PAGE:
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STRONGER TOGETHER: Navigating Life's Currents—The Power of Mimetic Desire in the Age of Social Media

Last updated: 22/01/2024

"STRONGER TOGETHER" is a weekly column where Tanya explores key issues. This week Tanya discusses mimetic desire, a concept coined by French philosopher René Girard that refers to our innate tendency to imitate the desires and behaviours of others, ultimately shaping our very essence.

By IMPACT Community Services Managing Director Tanya O'Shea

Tanya O'Shea, IMPACT Community Services Managing Director

Natural mimicry is universal – plants mimic animals, animals mimic plants, animals mimic each other. Nature creates similarities, and for some species mimicry is necessary for survival. Yet the highest capacity for producing similarities is humans, and while the magnetic thread of mimetic desire is largely unconscious, many would argue that when humans mimic, they are aware of what they are doing.

Coined by the esteemed French philosopher René Girard, mimetic desire refers to our innate tendency to imitate the desires and behaviours of others, permeating aspirations, decisions, and relationships. It's a force that silently shapes our preferences, defines our pursuits, and moulds the very essence of who we are.

Think back to the last time you discovered a new passion or adopted a fresh perspective. Perhaps it was an obscure hobby, a newfound love for a certain cuisine, or even an unexpected career choice. More often than not, these inclinations stem from observing others, whether through direct interactions or the omnipresent lens of social media. Perhaps you would like to improve a skill or increase your knowledge in a certain area – is your first instinct to search the internet to see what others are doing?

Mimetic desire acts as a subtle undercurrent, steering us towards goals and ideals that mirror those we admire. Imagine a friend who, inspired by the glowing fitness journey of a social media influencer, embarks on a similar path. The exercise routines, the dietary adjustments, and even the carefully curated Instagram posts all become reflections of an aspirational ideal.

The impact of mimetic desire becomes particularly pronounced in the age of social media. Platforms like Instagram, Twitter, and TikTok serve as virtual bazaars of desires, showcasing an array of lifestyles, fashion trends, and career trajectories. A casual scroll through these platforms can leave us feeling both inspired and vulnerable to the allure of mimetic forces.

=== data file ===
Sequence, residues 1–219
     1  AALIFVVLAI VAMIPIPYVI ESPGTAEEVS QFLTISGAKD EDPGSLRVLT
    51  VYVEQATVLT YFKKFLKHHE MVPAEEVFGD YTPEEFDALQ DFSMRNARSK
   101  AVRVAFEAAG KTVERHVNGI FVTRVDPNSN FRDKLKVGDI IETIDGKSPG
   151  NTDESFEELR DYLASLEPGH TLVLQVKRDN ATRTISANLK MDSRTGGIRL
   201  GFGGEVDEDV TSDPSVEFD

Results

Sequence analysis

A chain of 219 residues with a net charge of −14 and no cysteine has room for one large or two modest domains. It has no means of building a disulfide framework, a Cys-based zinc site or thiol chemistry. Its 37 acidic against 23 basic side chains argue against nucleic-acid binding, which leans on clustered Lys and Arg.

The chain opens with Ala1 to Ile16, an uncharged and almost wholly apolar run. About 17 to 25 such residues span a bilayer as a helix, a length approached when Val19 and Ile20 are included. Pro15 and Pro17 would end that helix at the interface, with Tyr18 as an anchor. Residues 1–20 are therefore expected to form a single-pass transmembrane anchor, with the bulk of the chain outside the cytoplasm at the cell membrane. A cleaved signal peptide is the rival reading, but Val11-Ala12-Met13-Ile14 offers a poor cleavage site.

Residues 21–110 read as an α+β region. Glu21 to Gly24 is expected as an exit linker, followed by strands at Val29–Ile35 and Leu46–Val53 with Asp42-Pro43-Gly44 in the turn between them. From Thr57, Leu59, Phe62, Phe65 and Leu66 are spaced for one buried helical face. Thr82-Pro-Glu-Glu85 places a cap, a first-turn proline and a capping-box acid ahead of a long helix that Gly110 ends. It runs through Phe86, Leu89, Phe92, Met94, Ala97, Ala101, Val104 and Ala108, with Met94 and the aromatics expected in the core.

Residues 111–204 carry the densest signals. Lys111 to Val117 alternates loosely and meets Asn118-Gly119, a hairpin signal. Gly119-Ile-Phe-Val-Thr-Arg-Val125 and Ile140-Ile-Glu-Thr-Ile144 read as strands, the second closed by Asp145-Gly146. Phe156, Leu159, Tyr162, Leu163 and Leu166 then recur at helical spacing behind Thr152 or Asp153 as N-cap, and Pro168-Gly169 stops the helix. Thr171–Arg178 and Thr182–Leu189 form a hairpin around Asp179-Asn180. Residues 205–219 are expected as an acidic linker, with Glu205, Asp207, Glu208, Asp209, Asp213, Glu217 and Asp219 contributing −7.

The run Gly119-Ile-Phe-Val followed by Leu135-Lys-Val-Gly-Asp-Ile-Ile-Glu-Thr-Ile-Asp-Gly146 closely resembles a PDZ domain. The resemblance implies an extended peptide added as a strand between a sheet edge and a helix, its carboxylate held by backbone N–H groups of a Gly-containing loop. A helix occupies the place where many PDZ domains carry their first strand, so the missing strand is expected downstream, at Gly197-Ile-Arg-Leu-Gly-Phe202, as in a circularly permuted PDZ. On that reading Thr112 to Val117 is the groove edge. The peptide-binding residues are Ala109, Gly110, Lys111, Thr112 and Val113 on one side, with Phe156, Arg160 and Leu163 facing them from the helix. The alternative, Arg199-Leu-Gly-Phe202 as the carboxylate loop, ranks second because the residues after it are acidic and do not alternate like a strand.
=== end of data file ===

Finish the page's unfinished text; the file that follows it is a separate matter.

While mimetic desire can be a powerful motivator, it's essential to approach it with a discerning eye. The images and narratives presented on social media are often meticulously crafted, offering a curated glimpse into the lives of others. What appears as seamless perfection may be a mere snapshot, concealing the trials and tribulations that accompany every journey.

In the quest for authenticity, it's crucial to balance inspiration with self-reflection. Instead of blindly following the herd, take a moment to introspect. What truly resonates with your values and aspirations? Are your choices a reflection of your authentic self, or are they an attempt to fit into a preconceived mould?

Navigating the currents of mimetic desire requires mindfulness and self-awareness. As Oscar Wilde reminds us ‘Be yourself; everybody else is already taken.’ Embrace the positive aspects of influence, but don't let it dictate your path entirely. Use social media as a source of inspiration rather than a blueprint for your life. Remember, the most fulfilling journeys are often those guided by your unique compass, not the shadows of someone else's.

In a world that constantly bombards us with external influences, understanding the dynamics of mimetic desire empowers us to make choices aligned with our true selves. By maintaining a balance between admiration and authenticity, we can navigate the currents of life with a steady hand, charting a course that reflects our individuality amidst the sea of collective desires.

Please note: This website may contain references to, or feature images, videos, and voices of Aboriginal and Torres Strait Islander peoples who have passed away.

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